As another point, even getting an animal with a proven show record doesn't mean you will be getting a show quality animal. Conditiong goes a long way toward show turnout, and what's popular in one area of the country may not be popular in another.

    And (goodness, am I long winded or what!) in many of the animals I have had, the "show quality" animals aren't the ones producing the nicest offspring. I've got some just terrible looking brood does (rabbits) in my barn that are around because they are the best mommas and through the best babies. Looks aren't everything folks! My portly (ok rotund at the moment) Nubian doe that's too short to ever do well in the show ring throws me the loveliest babies and always has multiples as well.
  8. pips&peeps

    pips&peeps There is no "I" in Ameraucana

    Jan 18, 2008
    Newman Lake, WA
    There is a gal on here that has show quality Ameraucanas, you could do a google search for Pips&Peeps. Her birds are beautiful.

    Thank you Christina!!!!! [​IMG]

  9. 4-H chicken mom

    4-H chicken mom Crowing

    Aug 3, 2007
    Oberlin, OH
    It is true that all judges are not alike and that they have their favorites. But, there are some breeds you can't get around their quality. Example, Golden and Silver laced wyandottes, if they don't have the nice lacing on the feathers, you might as well give it up on showing that bird. I have one of the worst golden laced I have ever seen. It is mostly brown and hardly any lacing. Barred Rocks also have definite barring qualities. I have seen some that has large patches of black on them. I learned just recently that a bantan buff brahma cochin hen is judged partially on their width where their back meet their tail feathers. The wider the better. I have two hens, and I can now see the difference, one is wide and the other is narrow. There are show quality animals out there. They might not always throw show quality babies, but that is what keeps us raising more. Our 4-H kids are doing a bang up job when it comes to learning about how idividual chickens are judged. I get so impressed to see 10yr olds able to tell the judges specifically what qualities they need to look for in their birds according to the American Standard of Perfection. [​IMG]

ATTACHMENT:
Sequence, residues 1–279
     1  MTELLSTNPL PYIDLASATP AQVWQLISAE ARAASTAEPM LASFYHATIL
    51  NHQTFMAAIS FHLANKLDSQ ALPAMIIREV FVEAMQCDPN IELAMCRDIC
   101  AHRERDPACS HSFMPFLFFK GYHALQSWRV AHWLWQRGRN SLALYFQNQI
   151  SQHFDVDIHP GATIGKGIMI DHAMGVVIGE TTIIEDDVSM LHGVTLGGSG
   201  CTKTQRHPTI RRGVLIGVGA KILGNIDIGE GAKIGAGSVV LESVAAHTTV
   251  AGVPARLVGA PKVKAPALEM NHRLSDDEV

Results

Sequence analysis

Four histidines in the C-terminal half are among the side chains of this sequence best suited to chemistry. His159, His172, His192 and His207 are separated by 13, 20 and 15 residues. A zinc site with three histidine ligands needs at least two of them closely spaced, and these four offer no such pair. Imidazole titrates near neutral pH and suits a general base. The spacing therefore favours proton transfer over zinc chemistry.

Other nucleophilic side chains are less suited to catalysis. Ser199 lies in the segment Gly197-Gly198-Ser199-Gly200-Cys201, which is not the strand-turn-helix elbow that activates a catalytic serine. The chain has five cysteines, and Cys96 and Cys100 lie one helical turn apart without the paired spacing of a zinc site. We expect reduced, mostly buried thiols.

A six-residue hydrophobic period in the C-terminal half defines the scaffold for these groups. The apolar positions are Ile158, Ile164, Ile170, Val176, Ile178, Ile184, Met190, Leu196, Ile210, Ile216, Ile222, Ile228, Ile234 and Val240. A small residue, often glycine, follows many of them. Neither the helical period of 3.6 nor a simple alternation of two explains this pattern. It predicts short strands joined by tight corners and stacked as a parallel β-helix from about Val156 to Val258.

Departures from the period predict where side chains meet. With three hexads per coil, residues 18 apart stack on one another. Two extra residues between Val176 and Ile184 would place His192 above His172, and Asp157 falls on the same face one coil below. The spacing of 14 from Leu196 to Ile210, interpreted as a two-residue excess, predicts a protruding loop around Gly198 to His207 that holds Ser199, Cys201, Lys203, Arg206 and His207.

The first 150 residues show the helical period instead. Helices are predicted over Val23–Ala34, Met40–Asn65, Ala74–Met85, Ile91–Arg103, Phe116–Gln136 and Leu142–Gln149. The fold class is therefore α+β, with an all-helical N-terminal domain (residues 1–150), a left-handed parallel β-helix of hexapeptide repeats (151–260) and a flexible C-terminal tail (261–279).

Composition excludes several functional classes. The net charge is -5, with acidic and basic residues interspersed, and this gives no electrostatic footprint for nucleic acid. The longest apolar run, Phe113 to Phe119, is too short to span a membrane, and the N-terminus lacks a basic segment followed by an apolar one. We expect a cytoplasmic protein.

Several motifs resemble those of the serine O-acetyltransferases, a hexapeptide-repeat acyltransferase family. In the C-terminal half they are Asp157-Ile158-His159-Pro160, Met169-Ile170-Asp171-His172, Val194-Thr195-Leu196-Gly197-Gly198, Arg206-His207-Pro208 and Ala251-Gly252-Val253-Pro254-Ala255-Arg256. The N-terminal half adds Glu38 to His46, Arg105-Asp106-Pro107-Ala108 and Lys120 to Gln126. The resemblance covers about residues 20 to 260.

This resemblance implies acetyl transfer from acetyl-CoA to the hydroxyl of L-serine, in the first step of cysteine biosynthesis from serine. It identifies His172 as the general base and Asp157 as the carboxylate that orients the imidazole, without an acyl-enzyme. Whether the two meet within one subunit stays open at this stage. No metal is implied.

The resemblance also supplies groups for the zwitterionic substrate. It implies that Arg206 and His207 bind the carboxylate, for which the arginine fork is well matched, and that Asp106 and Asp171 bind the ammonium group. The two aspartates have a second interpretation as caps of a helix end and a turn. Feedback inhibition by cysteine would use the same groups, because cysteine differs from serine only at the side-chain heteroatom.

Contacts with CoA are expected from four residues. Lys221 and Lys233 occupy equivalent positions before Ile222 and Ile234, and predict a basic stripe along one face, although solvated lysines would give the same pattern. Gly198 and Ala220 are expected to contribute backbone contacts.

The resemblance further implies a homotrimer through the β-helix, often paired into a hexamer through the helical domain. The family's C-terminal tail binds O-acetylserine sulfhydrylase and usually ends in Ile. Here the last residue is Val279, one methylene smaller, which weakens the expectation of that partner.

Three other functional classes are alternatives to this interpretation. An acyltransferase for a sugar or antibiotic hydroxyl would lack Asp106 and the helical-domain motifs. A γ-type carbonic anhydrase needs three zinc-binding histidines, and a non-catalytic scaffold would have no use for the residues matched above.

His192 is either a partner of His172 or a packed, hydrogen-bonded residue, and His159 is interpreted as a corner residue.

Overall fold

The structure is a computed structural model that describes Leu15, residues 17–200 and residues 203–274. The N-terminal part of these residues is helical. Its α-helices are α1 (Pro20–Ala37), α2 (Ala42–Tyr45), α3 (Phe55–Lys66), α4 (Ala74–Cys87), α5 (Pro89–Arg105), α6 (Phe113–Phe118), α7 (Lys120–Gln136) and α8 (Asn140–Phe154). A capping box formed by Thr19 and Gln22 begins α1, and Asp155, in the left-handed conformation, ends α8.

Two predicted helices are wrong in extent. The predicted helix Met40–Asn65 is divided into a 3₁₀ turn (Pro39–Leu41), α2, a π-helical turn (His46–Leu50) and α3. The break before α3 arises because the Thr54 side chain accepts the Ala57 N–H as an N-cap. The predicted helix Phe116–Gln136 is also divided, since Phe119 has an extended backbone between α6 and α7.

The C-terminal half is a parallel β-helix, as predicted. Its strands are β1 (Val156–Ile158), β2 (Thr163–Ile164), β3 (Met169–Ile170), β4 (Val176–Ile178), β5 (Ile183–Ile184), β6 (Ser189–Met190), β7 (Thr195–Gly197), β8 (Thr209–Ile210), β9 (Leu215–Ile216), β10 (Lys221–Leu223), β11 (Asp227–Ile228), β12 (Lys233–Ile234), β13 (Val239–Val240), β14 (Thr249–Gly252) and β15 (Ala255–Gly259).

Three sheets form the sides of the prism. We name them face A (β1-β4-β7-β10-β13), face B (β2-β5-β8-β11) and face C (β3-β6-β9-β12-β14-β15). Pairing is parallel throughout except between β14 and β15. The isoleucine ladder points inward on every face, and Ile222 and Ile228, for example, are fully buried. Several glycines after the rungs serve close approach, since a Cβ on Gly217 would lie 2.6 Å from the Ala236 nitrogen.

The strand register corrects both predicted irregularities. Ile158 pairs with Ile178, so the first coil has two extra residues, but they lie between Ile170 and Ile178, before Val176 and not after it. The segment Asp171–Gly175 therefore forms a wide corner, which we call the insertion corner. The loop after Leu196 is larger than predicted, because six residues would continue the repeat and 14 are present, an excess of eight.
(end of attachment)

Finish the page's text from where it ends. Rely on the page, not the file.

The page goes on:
10. Kev

    Kev Crowing

    Jan 13, 2008
    Sun City, California
    ksacres, I'll leave aside the judging for the most part.

    I think the point is more like show STOCK vs NON-show STOCK.

    The difference between the two can be night and day. Hatchery *stock* cannot compare to show *stock* Polish/Silkie/etc. The gap between them is huge.

    You are right, though, that it is a major mistake to assume that every bird out of show stock will be a winner. Many will fail the grade for various reasons or may be good but not quite enough to win a large show. This is a problem with people who buy eggs from show stock expecting ALL of the chicks to grow up to be show winners. Even the best and most serious breeders tend to hatch hundreds of chicks and cull very hard down to however many/few they keep for breeding or showing.

    For showing it still is best to acquire show stock in hopes of breeding towards the winning standard- because it is those birds that are far more likely to have the right genes in the breeding group to maybe hit on the few that has more of the desired genes. This chance is far lower than with say, the typical hatchery stock.